Nursing Leadership

Nursing Leadership 23(Special Issue) May 2010 : 132-133.doi:10.12927/cjnl.2010.21755
The Demonstration Projects: Summaries

Internationally Educated Nurses: Building Capacity for Clinical/Nurse Managers

Heather Hoxby, Verla Fortier, Nancy Brown, Gail Yardy and Jennifer Blythe

The purpose of this demonstration project was to provide clinical nurse managers with resources to increase their knowledge and confidence in hiring, managing and retaining internationally educated nurses (IENs). Two teaching hospitals, two organizations providing educational and other support programs for IENs, a community settlement organization and a nursing research unit collaborated in the project.

The purpose of this demonstration project was to provide clinical nurse managers with resources to increase their knowledge and confidence in hiring, managing and retaining internationally educated nurses (IENs). Two teaching hospitals, two organizations providing educational and other support programs for IENs, a community settlement organization and a nursing research unit collaborated in the project.

A questionnaire (response rate 37%; N = 33) was administered to explore managers' needs for information on hiring and retaining IENs. Two focus groups were also held at each hospital, with a total of 17 managers. Based on these inputs, information resources were selected, evaluated and posted on the hospitals' Sharepoint websites, platforms used for information sharing and team processes. Approximately 20 managers attended a half-day workshop on hiring and retaining IENs. Participant satisfaction was assessed through an electronic post-workshop quiz and a post-intervention survey.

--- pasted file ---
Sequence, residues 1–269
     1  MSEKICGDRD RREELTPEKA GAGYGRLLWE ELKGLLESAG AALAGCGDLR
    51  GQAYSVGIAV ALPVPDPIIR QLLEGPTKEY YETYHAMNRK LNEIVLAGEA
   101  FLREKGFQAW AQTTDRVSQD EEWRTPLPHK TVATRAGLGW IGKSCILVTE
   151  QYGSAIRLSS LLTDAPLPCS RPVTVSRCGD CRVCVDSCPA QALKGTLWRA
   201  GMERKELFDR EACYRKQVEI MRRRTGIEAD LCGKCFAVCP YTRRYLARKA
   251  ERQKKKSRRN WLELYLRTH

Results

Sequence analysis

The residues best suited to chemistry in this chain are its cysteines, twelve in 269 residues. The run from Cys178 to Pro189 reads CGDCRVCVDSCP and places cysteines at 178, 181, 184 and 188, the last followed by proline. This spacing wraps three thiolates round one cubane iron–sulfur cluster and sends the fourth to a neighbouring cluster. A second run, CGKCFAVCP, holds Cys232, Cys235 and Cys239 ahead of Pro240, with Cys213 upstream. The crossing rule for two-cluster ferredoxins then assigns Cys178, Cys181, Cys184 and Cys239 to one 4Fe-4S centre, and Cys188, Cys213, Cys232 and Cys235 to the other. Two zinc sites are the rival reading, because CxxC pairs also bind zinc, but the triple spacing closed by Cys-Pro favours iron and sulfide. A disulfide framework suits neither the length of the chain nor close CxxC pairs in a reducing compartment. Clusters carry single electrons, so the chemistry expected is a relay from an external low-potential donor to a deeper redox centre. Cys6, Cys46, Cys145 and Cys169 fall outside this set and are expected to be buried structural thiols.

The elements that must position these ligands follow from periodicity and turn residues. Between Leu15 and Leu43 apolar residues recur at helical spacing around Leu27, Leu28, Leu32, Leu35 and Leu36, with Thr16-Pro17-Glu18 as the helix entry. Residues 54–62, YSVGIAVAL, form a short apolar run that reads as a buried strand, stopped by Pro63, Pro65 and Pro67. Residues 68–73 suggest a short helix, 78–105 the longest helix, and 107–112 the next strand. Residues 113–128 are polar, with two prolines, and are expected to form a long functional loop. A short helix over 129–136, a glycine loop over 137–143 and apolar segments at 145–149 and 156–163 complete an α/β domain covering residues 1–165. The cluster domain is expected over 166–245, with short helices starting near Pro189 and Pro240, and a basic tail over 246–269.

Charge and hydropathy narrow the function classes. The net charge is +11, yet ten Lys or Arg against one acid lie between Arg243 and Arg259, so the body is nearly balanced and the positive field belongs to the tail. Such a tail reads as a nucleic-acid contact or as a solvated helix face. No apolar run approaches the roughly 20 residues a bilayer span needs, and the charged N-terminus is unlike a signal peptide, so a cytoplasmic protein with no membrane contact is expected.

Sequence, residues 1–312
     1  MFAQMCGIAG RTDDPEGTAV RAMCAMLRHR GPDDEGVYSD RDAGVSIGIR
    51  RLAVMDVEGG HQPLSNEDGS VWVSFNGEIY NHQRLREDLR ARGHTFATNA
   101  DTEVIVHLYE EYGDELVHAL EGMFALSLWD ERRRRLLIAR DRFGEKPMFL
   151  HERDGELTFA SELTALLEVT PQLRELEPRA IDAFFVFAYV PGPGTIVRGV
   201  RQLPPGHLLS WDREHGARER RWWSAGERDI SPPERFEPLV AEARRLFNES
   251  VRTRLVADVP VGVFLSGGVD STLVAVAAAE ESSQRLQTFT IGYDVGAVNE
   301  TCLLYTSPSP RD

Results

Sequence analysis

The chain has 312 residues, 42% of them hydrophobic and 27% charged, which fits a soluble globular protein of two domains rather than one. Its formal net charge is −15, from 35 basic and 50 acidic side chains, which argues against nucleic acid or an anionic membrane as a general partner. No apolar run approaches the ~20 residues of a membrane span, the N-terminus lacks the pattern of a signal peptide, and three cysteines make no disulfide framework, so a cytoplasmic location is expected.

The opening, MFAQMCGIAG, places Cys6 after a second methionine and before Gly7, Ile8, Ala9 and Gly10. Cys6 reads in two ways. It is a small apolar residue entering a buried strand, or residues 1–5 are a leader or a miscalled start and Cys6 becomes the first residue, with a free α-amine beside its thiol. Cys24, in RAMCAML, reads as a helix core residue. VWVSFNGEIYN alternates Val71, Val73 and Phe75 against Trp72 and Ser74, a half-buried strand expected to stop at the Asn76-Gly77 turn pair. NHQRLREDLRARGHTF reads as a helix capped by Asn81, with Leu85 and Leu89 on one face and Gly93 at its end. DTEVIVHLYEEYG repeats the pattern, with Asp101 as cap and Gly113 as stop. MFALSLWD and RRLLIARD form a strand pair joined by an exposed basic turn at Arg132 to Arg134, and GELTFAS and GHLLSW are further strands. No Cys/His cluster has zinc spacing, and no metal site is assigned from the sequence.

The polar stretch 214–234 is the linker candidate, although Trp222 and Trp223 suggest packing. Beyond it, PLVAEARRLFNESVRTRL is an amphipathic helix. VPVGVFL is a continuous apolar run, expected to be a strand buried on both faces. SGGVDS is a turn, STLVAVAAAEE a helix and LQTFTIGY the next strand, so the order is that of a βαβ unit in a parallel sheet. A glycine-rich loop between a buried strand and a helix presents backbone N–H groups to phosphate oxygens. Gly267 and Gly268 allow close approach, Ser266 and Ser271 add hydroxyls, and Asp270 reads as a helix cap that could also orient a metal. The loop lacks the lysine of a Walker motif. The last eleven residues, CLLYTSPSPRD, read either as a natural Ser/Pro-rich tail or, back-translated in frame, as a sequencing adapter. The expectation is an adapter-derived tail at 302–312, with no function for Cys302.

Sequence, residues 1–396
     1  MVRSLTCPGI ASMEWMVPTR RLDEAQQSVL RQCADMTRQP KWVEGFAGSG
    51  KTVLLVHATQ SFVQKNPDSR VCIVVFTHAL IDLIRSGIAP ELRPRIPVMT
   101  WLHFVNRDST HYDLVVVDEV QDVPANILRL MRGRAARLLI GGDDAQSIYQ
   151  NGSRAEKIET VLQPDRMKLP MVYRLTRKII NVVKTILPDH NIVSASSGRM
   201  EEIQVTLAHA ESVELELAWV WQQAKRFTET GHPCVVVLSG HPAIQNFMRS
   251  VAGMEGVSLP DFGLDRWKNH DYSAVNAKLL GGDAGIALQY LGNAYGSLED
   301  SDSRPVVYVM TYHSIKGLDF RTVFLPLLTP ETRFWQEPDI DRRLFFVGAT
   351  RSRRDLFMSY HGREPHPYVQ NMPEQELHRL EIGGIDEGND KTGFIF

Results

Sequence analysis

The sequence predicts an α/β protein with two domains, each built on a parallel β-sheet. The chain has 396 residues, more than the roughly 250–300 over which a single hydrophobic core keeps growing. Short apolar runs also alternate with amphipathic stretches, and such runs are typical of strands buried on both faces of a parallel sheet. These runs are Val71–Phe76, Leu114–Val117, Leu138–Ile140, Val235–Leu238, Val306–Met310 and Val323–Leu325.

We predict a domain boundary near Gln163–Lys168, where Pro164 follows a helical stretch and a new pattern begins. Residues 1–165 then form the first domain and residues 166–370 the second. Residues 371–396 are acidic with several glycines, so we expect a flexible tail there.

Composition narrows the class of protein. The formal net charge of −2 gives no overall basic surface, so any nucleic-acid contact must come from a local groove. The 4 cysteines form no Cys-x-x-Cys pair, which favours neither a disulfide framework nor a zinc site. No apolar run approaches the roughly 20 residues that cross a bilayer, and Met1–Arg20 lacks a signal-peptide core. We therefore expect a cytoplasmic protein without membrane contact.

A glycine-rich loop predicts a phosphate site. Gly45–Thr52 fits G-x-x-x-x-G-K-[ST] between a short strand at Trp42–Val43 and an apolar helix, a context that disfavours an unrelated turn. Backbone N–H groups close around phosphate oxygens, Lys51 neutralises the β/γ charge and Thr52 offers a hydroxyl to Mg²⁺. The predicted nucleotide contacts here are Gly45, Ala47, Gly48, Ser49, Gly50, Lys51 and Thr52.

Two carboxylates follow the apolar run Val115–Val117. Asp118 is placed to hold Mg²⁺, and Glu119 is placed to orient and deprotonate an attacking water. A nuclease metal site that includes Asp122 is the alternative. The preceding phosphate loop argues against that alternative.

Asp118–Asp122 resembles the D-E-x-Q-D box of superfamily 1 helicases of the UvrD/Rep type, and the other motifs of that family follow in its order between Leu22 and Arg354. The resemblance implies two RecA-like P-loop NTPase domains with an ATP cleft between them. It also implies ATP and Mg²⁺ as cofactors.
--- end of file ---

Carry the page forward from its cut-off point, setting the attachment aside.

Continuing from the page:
The needs assessment indicated that managers required additional knowledge and resources to improve recruitment and management of IENs. The half-day workshop was evaluated as moderately successful. Delays associated with implementing metrics on the Sharepoint website and low response rate to the post-implementation questionnaire limited the utility of the two evaluation procedures.

This demonstration project indicated that ongoing commitment is required to improve the integration of IENs into Ontario healthcare organizations. We need to expand our work on meeting the needs of clinical nurse managers to include educators, mentors and all nurses in the organization. Future directions will include further development and sustainability of IEN Sharepoint sites.

Lessons Learned

  • Cultural diversity needs to be set as a priority by governing boards, CEOs and senior management to achieve system-wide change.
  • Clinical educators, mentors and all nurses should be included in future interventions to better integrate IENs into the workplace.
  • Formalization of collaborative relations among community organizations and academic and healthcare organizations is essential to facilitate knowledge exchange and innovative interventions.

About the Author

Heather Hoxby, RN(EC), BScN, MHSc, Director of Nursing, St. Joseph's Healthcare Hamilton (SJHH)

Verla Fortier, RN, MHSc (Health Admin), Senior Consultant Nursing Recruitment and Retention, Hamilton Health Sciences (HHS)

Nancy Brown, MAEd, Program Manager, Bridging for Internationally Educated Nurses (BIEN)

Gail Yardy, MSW, Executive Director, Centre for Internationally Educated Nurses (CARE)

Jennifer Blythe, PhD, Associate Professor, McMaster University, Nursing Health Services Research Unit (NHSRU)

Correspondence may be directed to: Heather Hoxby hhoxby@stjoes.ca.

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